The morning news digest cites a Rolling Stone article reporting the history of allegations concerning the rocker Marilyn Manson. The article is here:

The report is of a history indeed. That is why my sort has some problem with high-flyers who continually fall into such messes. If it were the first or second reporting of such behaviors, we may understand why a few might find themselves entwined in abusive situations. But given the mental and emotional health of the eventual victim, what makes alleged perpetrators repetitively attractive to the more easily influenced?

What do so many of the younger set find attractive about this person? No one is more aware than me of the current contempt in which the Hebrew-Christian faiths are held by so many, from the masses to the more prominent personas. Given the decrepit nature of a fragmented and reductionist religiosity claiming to be some ‘soul’ of the society at large, the spiritual ignorance and weakness of that society seems to follow. But how might that foment an attraction to what is reputedly evil?

The Psalms are replete with the pronouncement of “One generation shall proclaim Your works to another, and shall declare Your mighty acts” (145:4 and many others). We apply the significance of such texts to promote the confirmation of children. That practice has suffered greatly since the advent of so many amusements and attractions, with social media distancing the younger set from the influence of their elders among the many distractions of contemporary life.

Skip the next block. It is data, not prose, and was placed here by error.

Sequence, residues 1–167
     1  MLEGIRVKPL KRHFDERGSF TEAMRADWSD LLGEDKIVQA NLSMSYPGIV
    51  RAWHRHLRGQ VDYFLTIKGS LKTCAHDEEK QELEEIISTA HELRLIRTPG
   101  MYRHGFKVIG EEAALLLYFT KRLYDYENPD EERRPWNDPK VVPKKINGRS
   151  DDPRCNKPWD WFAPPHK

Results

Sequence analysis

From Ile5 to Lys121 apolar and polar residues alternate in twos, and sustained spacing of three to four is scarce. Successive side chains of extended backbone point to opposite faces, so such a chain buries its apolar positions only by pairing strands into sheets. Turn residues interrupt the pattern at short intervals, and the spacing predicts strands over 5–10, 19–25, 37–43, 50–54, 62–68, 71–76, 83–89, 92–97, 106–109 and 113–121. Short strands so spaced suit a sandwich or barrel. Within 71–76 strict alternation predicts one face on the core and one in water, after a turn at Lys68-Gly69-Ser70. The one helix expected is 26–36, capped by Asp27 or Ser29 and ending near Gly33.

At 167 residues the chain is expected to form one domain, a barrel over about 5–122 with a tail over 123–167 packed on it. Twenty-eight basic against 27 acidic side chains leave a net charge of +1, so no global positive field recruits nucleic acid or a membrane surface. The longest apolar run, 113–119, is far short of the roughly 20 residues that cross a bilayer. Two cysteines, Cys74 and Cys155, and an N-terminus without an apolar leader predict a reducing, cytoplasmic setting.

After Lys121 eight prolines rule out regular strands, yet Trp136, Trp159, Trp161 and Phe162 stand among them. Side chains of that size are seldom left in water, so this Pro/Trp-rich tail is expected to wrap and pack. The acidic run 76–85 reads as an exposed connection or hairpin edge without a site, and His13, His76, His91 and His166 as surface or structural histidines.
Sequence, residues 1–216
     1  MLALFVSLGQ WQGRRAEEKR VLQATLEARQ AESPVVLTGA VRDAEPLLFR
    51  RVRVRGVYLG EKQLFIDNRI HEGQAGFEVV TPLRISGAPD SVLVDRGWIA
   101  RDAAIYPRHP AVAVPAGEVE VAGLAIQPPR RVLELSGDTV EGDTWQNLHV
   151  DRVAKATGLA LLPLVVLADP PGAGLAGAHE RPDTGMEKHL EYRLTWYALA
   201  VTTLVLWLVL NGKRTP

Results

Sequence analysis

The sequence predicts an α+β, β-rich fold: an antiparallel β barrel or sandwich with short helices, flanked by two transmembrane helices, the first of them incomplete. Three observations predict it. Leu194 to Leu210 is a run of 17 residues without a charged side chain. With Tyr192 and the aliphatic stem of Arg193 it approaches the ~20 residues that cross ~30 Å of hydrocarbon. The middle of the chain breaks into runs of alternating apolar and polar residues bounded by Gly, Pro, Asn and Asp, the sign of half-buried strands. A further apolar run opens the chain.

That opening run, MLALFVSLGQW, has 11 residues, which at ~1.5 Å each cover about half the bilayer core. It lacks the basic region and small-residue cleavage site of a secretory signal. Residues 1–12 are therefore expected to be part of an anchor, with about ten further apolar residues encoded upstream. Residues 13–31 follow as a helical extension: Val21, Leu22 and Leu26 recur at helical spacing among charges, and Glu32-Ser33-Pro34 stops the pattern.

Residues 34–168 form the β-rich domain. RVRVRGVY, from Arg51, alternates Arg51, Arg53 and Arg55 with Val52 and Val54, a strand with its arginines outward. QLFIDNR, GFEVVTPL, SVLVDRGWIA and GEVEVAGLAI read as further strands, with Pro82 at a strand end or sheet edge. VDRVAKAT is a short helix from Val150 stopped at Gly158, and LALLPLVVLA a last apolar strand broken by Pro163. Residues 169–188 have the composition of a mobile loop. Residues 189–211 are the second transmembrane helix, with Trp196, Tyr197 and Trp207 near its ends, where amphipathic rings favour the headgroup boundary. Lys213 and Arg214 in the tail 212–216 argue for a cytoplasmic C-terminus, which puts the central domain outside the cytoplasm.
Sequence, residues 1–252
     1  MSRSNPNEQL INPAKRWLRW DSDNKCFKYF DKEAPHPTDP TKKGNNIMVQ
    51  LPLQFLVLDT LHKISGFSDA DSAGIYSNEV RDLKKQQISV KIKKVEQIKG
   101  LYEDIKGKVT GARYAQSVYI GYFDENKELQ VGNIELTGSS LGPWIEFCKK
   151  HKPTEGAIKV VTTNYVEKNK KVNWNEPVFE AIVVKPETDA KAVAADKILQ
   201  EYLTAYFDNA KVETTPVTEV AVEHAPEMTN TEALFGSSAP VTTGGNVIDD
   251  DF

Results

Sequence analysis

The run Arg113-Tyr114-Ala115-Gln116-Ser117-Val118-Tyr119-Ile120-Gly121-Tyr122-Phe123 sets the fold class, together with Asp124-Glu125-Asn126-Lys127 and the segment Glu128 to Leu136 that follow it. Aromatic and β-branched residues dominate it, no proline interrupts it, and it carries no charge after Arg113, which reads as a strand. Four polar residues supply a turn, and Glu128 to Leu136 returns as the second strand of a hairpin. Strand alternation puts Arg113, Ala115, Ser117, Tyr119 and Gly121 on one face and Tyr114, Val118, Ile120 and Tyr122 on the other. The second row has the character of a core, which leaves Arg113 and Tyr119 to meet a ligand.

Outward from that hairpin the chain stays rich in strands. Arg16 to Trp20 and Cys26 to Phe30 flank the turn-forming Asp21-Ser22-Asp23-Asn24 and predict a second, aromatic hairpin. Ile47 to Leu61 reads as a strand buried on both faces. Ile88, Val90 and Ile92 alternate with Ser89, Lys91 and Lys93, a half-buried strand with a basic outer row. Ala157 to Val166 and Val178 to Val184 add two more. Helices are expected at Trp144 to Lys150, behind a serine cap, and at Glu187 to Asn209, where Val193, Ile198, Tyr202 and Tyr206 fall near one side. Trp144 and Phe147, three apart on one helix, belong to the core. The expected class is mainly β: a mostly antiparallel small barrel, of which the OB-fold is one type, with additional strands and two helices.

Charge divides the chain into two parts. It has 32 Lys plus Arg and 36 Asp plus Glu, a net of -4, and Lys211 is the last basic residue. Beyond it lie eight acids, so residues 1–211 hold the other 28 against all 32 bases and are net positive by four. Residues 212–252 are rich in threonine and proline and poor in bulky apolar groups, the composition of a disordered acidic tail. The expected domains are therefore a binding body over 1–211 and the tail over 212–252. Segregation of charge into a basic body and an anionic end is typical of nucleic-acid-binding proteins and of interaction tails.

The proper catechesis of adults is even less evident in many religious bodies. Just endure a few sessions with the pastor guiding you through a thin paperback outlining a few beliefs and the history of that particular sect, receive a box of numbered check-size envelopes, and you become a member. I have found that the problem of communicating the faith to the young lies mostly with the adults. Modern editions of such documents as Martin Luther’s Small Catechism omit the introductory matter explaining why the document was prepared. In this example, the Small Catechism was not intended to be a manual for pastors to instruct children in the churches having reached a supposed ‘age of accountability’. It was written to provide the heads of household with the basics of the faith so that they had the means to communicate it to the coming generation at home as the children lived in homes where the parents witnessed to those beliefs by living a good life before them.

My point is what we as a nation and the remains of a rotting culture ought to have realized by now. We are losing our young. The evils of society are thwarted via the beliefs of both religious parents, and even non-believing parents who love the good, the true and the beautiful for the witness of natural law within them (Romans 2:14-15). That act of handing down to the next generation can no longer be neglected. But in order to live that out, we must live it ourselves.

My position seems to lie on the defensive side, as though I am saying that we simply hunker down, stay in place, teach the children well as the song goes, and things will turn out fine. No, for to teach our children is more than to give them the strength to stand against the Mansons of this world, but to prepare them to take charge with confidence in their own positions as adults, and with their lives obliterating social and psychological influences of the monsters in plain sight.

Then pass it on…

Father David+

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